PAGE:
Recycling Mattresses Locally Would Save Peterborough Money, Create Work for At-risk People, says Clean Slate CEO

Ralph Gutkin says social enterprises can help curb negative social cycles while providing the city with needed services

Ralph Gutkin (standing) at a summit he hosted last spring to connect people around the Clean Slate social enterprise initiative.

Ralph Gutkin has an idea for a mattress recycling service that he says can save the City of Peterborough money while creating job opportunities for people who face employment barriers, such as ex-prisoners, people with addictions and those with mental-health issues.

The CEO of the Clean Slate Enterprises, a federally incorporated non-profit organization, Ralph is hoping the city will consider using services the social enterprise would like to supply.

About 15,000 to 16,000 discarded mattresses from Peterborough are sent to a facility in Montreal for processing each year. Ralph says there are about 125 mattresses on each truck that heads to the Montreal facility, so recycling the mattresses locally would save more than 125 trips to Quebec annually and reduce Peterborough’s carbon footprint.

“(The city) could have these mattresses recycled while saving the environment and providing opportunities for people locally to earn money and to invest that money back into the community.”

“(The city) could have these mattresses recycled while saving the environment and providing opportunities for people locally to earn money and to invest that money back into the community,” Ralph says.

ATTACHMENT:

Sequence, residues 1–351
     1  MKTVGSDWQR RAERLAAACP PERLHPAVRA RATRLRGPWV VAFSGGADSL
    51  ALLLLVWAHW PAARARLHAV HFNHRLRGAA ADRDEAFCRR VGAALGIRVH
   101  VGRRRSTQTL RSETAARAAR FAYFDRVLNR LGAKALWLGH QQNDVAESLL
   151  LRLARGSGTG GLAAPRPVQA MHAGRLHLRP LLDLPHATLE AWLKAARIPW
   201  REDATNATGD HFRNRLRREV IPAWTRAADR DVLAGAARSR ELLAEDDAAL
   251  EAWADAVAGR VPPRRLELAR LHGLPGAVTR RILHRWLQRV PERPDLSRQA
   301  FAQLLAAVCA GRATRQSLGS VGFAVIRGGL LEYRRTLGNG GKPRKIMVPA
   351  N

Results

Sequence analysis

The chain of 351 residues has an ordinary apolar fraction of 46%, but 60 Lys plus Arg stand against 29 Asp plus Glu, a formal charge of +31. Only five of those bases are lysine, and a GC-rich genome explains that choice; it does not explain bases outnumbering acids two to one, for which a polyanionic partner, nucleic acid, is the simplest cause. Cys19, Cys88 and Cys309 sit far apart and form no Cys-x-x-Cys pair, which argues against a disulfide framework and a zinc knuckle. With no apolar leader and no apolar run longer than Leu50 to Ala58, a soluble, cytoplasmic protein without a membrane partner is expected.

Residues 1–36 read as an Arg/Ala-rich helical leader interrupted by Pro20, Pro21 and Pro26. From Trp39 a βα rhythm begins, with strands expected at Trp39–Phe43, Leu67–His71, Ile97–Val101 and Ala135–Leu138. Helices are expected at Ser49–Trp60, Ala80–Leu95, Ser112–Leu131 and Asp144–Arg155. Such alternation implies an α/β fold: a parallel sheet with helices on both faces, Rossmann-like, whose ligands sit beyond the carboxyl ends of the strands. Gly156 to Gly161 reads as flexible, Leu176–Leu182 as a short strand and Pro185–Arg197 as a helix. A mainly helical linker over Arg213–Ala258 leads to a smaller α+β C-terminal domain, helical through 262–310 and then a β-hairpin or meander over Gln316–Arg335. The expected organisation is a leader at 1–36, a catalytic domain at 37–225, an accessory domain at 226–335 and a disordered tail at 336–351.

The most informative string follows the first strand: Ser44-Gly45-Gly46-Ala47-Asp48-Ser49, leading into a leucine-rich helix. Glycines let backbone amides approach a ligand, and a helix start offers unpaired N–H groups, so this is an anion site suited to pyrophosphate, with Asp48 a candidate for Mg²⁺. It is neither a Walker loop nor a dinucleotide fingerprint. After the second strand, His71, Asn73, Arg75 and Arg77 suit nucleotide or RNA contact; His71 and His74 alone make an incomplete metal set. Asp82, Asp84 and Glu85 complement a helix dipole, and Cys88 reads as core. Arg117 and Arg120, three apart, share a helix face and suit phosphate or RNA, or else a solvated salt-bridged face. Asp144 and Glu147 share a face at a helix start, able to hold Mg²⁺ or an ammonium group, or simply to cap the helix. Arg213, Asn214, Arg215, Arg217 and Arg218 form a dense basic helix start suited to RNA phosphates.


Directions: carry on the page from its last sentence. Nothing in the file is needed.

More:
Ralph says the operation he’s proposing would require a warehouse between 3,000 and 5,000 square feet. At the facility, the mattresses would be disassembled and the different components, such as metal springs, would be compressed and shipped to customers needing the material.

His proposal is to start with a few people but to have eight full-time equivalent employees by the end of the second year of operation.

Ralph says the timing is right for his proposal for a local mattress recycling service. The city has a contract with a private firm to manage the Peterborough landfill, and it’s through this firm that discarded mattresses are shipped to the Montreal recycling facility. But that contract expires at the end of the year, and the deadline for renewal is in March.

By employing people facing employment barriers, Ralph says the Clean Slate Enterprises can help curb negative social cycles.

He notes that Peterborough, like many other Canadian cities, is facing challenges with addiction, homelessness and unemployment, and a social enterprise like Clean Slate Enterprises is positioned to play a part in remedying the situation.

“How do we change the image of Peterborough? You change the image of Peterborough by taking people who are living on the margins and giving them an opportunity to become functioning members of society — that’s how you turn things around,” he says.

To learn more, contact Ralph at ralphgutkin@gmail.com

Photo by Yvonne Hollandy.

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